Sarahah has been quite a sensation, the anonymous app has been in the limelight since past couple of weeks. The app became an instant hit with the users since it promised unparalleled anonymity and thus eventually became viral. Sarahah lets its users comment on others anonymously but it doesn’t reveal the name and neither does the app allow users to reply to a comment. The app has been criticised and praised alike but a new report seems to reveal unsettling traits about Sarahah.
As per reports from security analyst Zachary Julian the app uploads users phone contacts into the company servers and all of this is done without any known purpose. On questioning the behaviour, Sarahah founder, Zain al-Abidin Tawfiq said that the contacts are uploaded “for a planned ‘find your friends’ feature.” He further added that the feature was delayed due to a technical issue and assured that the data request will be removed from the next update.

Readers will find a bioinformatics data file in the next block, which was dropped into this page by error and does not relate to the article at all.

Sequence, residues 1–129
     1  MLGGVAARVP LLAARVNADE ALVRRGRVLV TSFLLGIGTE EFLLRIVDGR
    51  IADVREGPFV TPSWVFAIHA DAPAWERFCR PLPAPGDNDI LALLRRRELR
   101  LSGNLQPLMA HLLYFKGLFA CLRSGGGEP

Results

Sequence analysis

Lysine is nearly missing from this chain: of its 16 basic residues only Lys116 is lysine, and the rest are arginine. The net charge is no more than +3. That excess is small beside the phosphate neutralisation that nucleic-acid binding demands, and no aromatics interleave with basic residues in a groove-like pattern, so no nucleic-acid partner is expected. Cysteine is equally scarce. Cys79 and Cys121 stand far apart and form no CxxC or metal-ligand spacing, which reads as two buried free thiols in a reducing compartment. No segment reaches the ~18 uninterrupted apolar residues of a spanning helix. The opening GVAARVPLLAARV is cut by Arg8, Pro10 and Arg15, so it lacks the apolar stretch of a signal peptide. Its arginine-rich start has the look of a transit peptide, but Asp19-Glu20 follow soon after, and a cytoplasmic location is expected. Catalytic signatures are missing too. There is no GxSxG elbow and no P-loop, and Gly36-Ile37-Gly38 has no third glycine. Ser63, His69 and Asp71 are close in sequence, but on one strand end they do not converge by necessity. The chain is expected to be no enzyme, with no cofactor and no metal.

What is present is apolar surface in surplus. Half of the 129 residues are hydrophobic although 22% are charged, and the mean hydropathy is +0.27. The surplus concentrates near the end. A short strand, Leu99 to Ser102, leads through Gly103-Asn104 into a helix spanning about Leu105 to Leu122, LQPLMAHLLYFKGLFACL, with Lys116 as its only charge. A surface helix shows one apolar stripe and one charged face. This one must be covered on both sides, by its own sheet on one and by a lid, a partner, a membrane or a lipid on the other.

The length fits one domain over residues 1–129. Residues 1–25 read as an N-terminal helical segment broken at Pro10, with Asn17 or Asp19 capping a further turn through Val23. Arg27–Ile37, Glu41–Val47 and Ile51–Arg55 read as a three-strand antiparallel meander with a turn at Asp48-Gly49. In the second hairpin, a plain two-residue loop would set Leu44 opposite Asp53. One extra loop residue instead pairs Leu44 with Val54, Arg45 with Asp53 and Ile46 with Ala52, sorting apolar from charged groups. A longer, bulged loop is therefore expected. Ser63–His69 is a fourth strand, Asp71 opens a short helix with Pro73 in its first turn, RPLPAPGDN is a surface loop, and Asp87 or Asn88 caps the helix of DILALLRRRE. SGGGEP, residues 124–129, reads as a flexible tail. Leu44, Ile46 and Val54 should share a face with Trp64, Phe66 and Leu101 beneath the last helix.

That being said Sarahah has been pretty straightforward when it comes to your contacts, it asks for permission to access your contacts on both iOS and Android. However, you can still refuse to give the permission and yet continue to use the app. Things get murky especially since the app doesn’t offer any feature that would require access to your contacts. The typical option to search for your contacts is also missing.
This behaviour was observed by Julian while using monitoring software to see the data being transferred and received by Sarahah on his Android phone. The app accessed all the contact details including emails and phone contacts. He later confirmed that the same happened with iOS as well. Most of the apps like Instagram and Facebook ask access for users contacts but they do so with a purpose. Asking access to contact details without offering any feature associated with contacts simply raises a red flag.On a related note its very common for Android apps to sectreately team up and steal your data. A recent study revealed that nearly 20,000 app pairings leaked data. The app interactions also involved privilege escalation which is a phase wherein sensitive information is prone to get leaked.
On a related note, it is very common for Android apps to secretly team up and steal your data. A recent study revealed that nearly 20,000 app pairings leaked data. The app interactions also involved privilege escalation which is a phase wherein sensitive information is prone to get leaked.
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